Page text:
2. Alec spots a fragment of last night's cabbage on the table beside him. He picks it up, examines it and then drops it on the floor. He --sometimes -- picks things up between his thumb and finger, rather than trying to use his entire hand.

3. I settle down to work on my listings and discover that the work experience girl has done a better job than I realised, and got further along than I realised, too. I wish I'd thanked her more and better.

Sleeping on, our neighbourhood and soother.

1. I hear Nick's alarm go in the attic at 6.30am -- he'd promised last night to come and take the baby away so I could have a lie-in. But the baby is sleeping, and I am too dozy-dazed to push for a shift change. An hour later -- which is much more civilised time -- we all wake up. Then Nick comes down, and I am left alone to catch up on my sleep.

2. "Ohh, what's that arch?" wonders Becky. She and Scott are former neighbours and they've come down for a walk and coffee. A morning spent with them has put a pleasing shine on streets and views that we have allowed to turn dull with neglect.

3. A mug of honey, hot water and apple juice for a sore throat.

Sunday, September 04, 2011

Better in the morning, yeast and in bed.

1. It's been a rough night -- Alec has a cold, and has been burning hot and feeding every hour. But now morning is here, and he is cooler and laughing at all his normal amusements.

2. We ordered in the wrong kind of yeast, so I've been baking bread by hand for the last fortnight. I've always used a machine up until now, but when Grayson Perry came round he made a remark that needled me rather, about using a machine to do a craft.* I opened my mouth to say that I never hand baked because I didn't like the feel of dough -- but then I thought that this was not an argument I wanted to have with a potter. Anyway -- the more I get to know dough, the more I like it. I've discovered that the sticky feeling that bothers me so much wears off as you knead. I've discovered that arms that spend all day hefting a weighty baby are equal to kneading -- and that it only takes ten minutes of hard work. Then there's a bit time to go and do something else, before the pleasure of punching down the sponge and hearing the bubbles pop.

3. I'm so tired, and it's going to be a difficult night -- but I do like having Alec as a warm bundle in bed beside me. He feels needy and pathetic and just wants to be held. Under normal circumstances he wouldn't be happy in with me -- he would roll and wriggle and squirm until I put him back in his cot.

* In one of those ah-ha moments, I discovered that GP has curated a show at the British Museum on the unknown craftsman.

Saturday, September 03, 2011

Adoration, our summer and trying to stand.

1. An elderly lady with the sort of white, soft hair that I want to touch: "I couldn't leave without saying how adorable they are." Alec and the twins look up at her wide-eyed. Later a man comes up and guesses their ages (incorrectly -- they're eight months, the same as his new grandson). And still more later, another grandfather is laughs at Alec's clapping ("We've got a sealion here!" and leaves his own granddaughter hanging disappointed in the next swing along.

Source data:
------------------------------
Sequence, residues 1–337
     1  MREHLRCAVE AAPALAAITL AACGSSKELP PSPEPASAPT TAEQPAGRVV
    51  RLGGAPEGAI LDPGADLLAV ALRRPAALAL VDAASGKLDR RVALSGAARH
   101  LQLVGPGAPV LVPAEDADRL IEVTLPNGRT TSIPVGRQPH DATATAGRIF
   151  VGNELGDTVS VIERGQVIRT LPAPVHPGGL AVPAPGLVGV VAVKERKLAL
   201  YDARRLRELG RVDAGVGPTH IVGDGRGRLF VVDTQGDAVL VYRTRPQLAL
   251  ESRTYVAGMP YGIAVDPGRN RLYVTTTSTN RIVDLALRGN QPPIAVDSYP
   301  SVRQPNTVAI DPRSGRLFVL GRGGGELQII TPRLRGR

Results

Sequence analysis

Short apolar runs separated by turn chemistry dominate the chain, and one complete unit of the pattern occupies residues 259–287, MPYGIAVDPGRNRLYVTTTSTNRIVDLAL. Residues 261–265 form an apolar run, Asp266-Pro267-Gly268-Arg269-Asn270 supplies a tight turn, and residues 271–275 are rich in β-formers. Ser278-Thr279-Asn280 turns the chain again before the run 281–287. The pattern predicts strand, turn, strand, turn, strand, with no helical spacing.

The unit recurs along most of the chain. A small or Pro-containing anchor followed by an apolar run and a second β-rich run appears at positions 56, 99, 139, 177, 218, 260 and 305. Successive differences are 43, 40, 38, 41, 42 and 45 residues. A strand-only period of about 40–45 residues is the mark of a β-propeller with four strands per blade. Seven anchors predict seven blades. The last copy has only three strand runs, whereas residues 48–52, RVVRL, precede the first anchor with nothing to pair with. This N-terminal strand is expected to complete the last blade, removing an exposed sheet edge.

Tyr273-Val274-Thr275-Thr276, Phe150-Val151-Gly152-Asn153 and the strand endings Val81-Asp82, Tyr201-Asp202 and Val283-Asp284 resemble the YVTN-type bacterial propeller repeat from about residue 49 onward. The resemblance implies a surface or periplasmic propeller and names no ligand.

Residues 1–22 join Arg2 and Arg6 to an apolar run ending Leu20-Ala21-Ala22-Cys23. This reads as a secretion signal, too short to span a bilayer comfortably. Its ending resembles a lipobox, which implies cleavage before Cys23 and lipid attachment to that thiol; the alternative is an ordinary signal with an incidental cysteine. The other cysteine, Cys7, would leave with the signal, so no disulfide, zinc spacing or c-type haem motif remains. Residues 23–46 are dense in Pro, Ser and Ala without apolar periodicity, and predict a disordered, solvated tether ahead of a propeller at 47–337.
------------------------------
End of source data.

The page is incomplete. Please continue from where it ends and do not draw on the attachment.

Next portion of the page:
2. Finally... one of those long, hot summer days that feels as if it will never end. The park is full of ice creams and wasps and we cluster in the shade. We're all wearing jeans because it looked a bit dull this morning.

3. At the library I kneel up and sit Alec on my knees. He keeps trying to stand -- and the librarian smiles at him. At the end, she says: "He's already got a sense of rhythm."

4. The table in the toddler's play house is just the right size for Alec to practise standing. A boy who might be four climbs in through the window and leans across the table and examines him. "Not too close, Zack," says his mother. "He's got a new cousin of seven months and he's absolutely smitten," she explains. I think Zack is being very good -- and Alec seems rather taken by him. They have a conversation about cake and tea (I have to supply Alec's part, but I like to think I am qualified to say what he would have said.)

Friday, September 02, 2011

Tiny cakes, up to the park and good night.

1. The mother and Alec have brought back tiny fairy strawberry fairy cakes and flapjacks from their morning shopping.

2. At the end of work, I walk up to the park to meet them. I feel like a dad instead of a mum.

3. As I am adding milk to Nick's tea, I hear him call down the stairs: "Little man bagged and a bit cross." I put the mug by his plate of sandwiches on the table, and go upstairs -- quietly -- to give Alec his last milk.

Thursday, September 01, 2011

Design, gardening and refusing.

1. Chris the designer has gone to town on our lead feature for the October issue. It looks great, and there's a bit of a buzz in the production room. We're worried about what the publisher is going to say... and then the email comes back: he likes it.

2. Everyone is in the front garden when I come home. Alec is lolled in his pushchair, very asleep; the mother is filling a black plastic sack with weeds.

3. He's been turning his head and making a tight line with his lips every time I offer the spoon. I put his meat and potatoes to one side and start eating some fruit and yoghurt... and suddenly he's interested.

PS: This is what all the fuss has been about -- I'm working as acting editor of a new magazine.

Hardboiled egg, back in line and foxgloves.

1. I hardboiled a few eggs this morning. At lunch, I note that the one Nick is eating has a perfect yolk -- just a little soft. 2. It just t...